Budget-Friendly Healthy Food Choices

Eating Healthy On A Budget

Photo by Arja Pennanen Lytle

The holidays are over, and we are full swing into January filled with dreams and goals for the year ahead. People are organizing, exercising, and menu planning with a renewed energy. After many meals, gifts, and parties over the holidays, however, there might not be space in the budget for many things, and it can be hard to make healthy changes to your lifestyle and nutrition without feeling like you’re going to break the bank.

If you’re trying to switch to, or have already made a commitment to organic food, clean meat/dairy, and non-toxic body care on any level, you may really be feeling the budget pinch this month. I sat down and reviewed my family budget a week ago, looking at our upcoming bills and comparing to what we had left. There’s not a lot of wiggle room this month, and since I’m not willing to make too many compromises when it comes to things like food quality (as much organic as possible, clean meat, and clean fish) and non-toxic body care I need to spend the month being frugal and creative.

So, how can a green mom make healthy choices when working on a tight budget?

Eat less meat & get creative with it

I’m not suggesting that you become a vegetarian, but you can save a lot of money by simply reducing your actual portion of meat, and including 1-2 vegetarian meals per week. Buy better quality meat, but just eat less of it. This is the month to haul out your slow cooker and batch cook. Make sure you have leftovers for lunch so that everyone is eating food from home. Buy cheaper cuts of meat to make stew, soup, or even a pot roast that will feed you for a few days. My favourite money saver is using ground meat for things like stir fries as it is so much more economical. Also, I’ve been known to cut back on the ground meat in a shepherd’s pie and substitute some lentils for part of it. Tastes great, but saves money!

Make it yourself

Stop spending money on things that you can easily make yourself at home. This includes hummus and other bean dips, nut & seed milks, granola/granola bars, muffins, and even cleaning supplies and body care! It doesn’t take long and the internet is full of recipes and tutorials. For less than $2 you can make a batch of hummus that will last you more than a week. I love alternating between bean dips and yoghurt & herb dips for my son’s lunch, both of which are easy and quick to make myself.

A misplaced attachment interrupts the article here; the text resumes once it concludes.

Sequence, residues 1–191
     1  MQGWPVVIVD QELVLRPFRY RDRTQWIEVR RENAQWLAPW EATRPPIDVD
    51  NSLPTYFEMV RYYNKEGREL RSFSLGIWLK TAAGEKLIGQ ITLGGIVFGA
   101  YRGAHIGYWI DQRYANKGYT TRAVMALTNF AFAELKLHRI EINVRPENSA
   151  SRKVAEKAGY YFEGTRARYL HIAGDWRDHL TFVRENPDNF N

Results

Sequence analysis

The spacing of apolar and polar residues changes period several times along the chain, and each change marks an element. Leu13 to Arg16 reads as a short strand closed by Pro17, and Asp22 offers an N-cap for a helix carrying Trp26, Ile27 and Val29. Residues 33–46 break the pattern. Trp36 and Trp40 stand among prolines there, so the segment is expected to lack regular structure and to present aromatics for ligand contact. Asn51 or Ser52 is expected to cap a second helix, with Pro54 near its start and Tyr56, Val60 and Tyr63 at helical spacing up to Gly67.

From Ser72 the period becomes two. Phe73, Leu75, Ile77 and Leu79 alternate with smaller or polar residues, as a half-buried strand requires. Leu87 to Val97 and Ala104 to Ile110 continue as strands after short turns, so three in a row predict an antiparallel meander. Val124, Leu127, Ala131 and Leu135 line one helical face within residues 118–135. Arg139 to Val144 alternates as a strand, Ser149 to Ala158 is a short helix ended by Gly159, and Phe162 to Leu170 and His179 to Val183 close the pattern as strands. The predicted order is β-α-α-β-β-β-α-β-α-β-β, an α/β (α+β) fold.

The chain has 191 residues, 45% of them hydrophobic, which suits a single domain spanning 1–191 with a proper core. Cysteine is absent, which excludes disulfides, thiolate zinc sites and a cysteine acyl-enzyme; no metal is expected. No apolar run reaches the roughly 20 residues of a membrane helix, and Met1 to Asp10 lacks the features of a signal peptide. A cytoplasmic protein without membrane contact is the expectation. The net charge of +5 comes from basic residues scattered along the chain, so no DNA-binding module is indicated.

Budget Saving Techiques Make Your Own Sprouts

Photo by Arja Pennanen Lytle

Do you normally add things like sprouts to your salads and sandwiches? Grab a mason jar and some cheesecloth and start sprouting your own! It’s easy, and in 3-6 days you’ll have a whole jar of fresh food that you grew on your countertop for just pennies. Get creative and try new things.

Shop your pantry

Now is the time to take inventory of what you have left in there and plan meals around things that you already have in stock, reducing the amount you need to spend. Dried pasta, grains, legumes, canned tomatoes, beans, and other pantry staples can really be put to good use. Try to focus on using up what you have before needing to buy more.

Plan ahead and reduce waste 

Having a meal plan and using it to plan your grocery list will dramatically reduce food waste. Besides planning your meals, keep a running grocery list that you can add to, and cross items off of. I go one step further and keep a list of items that we are about to run out of as well. All of this helps me know what we need and keeps me from wasting money purchasing things that we don’t need.

Eat from your freezer.

Have some meals stashed away for emergencies, or busy days? Now is the time to put a few to use. I’ve been hauling out some frozen portions of soup, stew and chili to feed us at least one night per week. They’re all made with quality, whole ingredients and take some pressure of my grocery budget for the week.

If making changes to your lifestyle was one of your new year’s goals, but it feels like you can’t afford to do it, just remember that you don’t have to change everything all at once! Use the Dirty Dozen list to help you prioritize your organic grocery list, and try making your own cleaning supplies. That’s a great start! Remember that most convenience items (dips, nut milks, snack items like these homemade energy balls ) are so much more economical to make at home too!

What are some of the money-saving tactics you’re using to stay healthy and make changes this year?